Maryland lawmakers are on track to allowing undocumented immigrants to buy health insurance on the state’s insurance exchange — though they’ll still need to pay full price and won’t get any government subsidies.

The Maryland Senate gave approval to the change on a 34-13 vote on Friday afternoon. That followed approval in the House of Delegates on a 101-34 vote in late February.

A few largely procedural steps remain — each chamber passing the other’s version — before the measure goes to Gov. Wes Moore for his consideration.

The goal of the change is to help make a dent in the state’s population of people who lack health insurance.

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About 6.1% of state residents are uninsured, and officials estimate that about 30% of them — 112,000 — are immigrants who lack legal documentation. They’re currently banned from using the state health insurance exchange to shop for and purchase insurance plans.

“It helps some people who get sick, get better. Nothing wrong with that,” said Sen. James Rosapepe, a Prince George’s County Democrat, as he explained his vote on Friday.

”We’re excited that, pending approval from the federal government, all Maryland residents will be able to use Maryland Health Connection to compare and purchase private health plans,” said Michele Eberle, executive director of Maryland Health Benefit Exchange.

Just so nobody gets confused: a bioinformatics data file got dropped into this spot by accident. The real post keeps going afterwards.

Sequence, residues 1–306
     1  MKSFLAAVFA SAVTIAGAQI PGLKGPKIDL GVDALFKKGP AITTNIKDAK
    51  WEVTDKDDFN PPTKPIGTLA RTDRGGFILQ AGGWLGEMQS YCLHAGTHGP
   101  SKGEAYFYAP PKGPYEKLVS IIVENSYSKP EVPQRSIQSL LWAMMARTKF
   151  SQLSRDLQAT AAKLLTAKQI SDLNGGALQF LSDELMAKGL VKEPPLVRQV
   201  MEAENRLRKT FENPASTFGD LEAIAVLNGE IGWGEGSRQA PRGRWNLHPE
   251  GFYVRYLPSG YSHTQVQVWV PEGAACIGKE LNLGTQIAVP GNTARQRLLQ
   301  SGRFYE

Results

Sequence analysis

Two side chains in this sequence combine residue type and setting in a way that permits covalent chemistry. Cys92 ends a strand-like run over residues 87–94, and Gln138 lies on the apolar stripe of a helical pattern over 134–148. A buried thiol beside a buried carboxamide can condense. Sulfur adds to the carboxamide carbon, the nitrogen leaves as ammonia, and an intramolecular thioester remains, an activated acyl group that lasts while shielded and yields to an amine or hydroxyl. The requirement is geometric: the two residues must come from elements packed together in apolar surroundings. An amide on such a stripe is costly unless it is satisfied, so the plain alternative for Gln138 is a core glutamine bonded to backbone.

The health exchange already has a version of the site in Spanish and a Google Translate feature for other languages, as well as a call center capable of offering help in more than 200 languages — all in an effort to make buying insurance as accessible as possible.

If the bill withstands the final steps of the legislative process and is approved by the governor, the state would have to ask the federal government for a waiver to allow undocumented immigrants to use the health exchange. If that waiver is granted, it could take until 2026 for the health exchange to begin accepting undocumented immigrants, according to a nonpartisan analysis of the bill.

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Opening the health exchange to undocumented immigrants would not initially cost the state any money, as no subsidies are involved and the exchange reported that it can accommodate any increased demand with existing staffing and resources.

Members from several organizations held a rally on Lawyers Mall outside the State House in Annapolis on Monday, Feb. 26, 2024. They advocated for a series of bills to address health care access and affordability.
Members from several organizations held a rally on Lawyers Mall outside the State House in Annapolis on Monday, Feb. 26, 2024. They advocated for a series of bills to address health care access and affordability. (Pamela Wood)

The bill spurred contentious debate in the House of Delegates, with Del. Mark Fisher, a Calvert County Republican, calling it an “absurdly ridiculous bill.”

Del. Joseline Peña-Melnyk, chair of the health committee, said it’s the latest step in attacking the state’s rate of uninsured residents. Before the federal Affordable Care Act — dubbed “Obamacare” by many — the state had 756,000 people who were uninsured.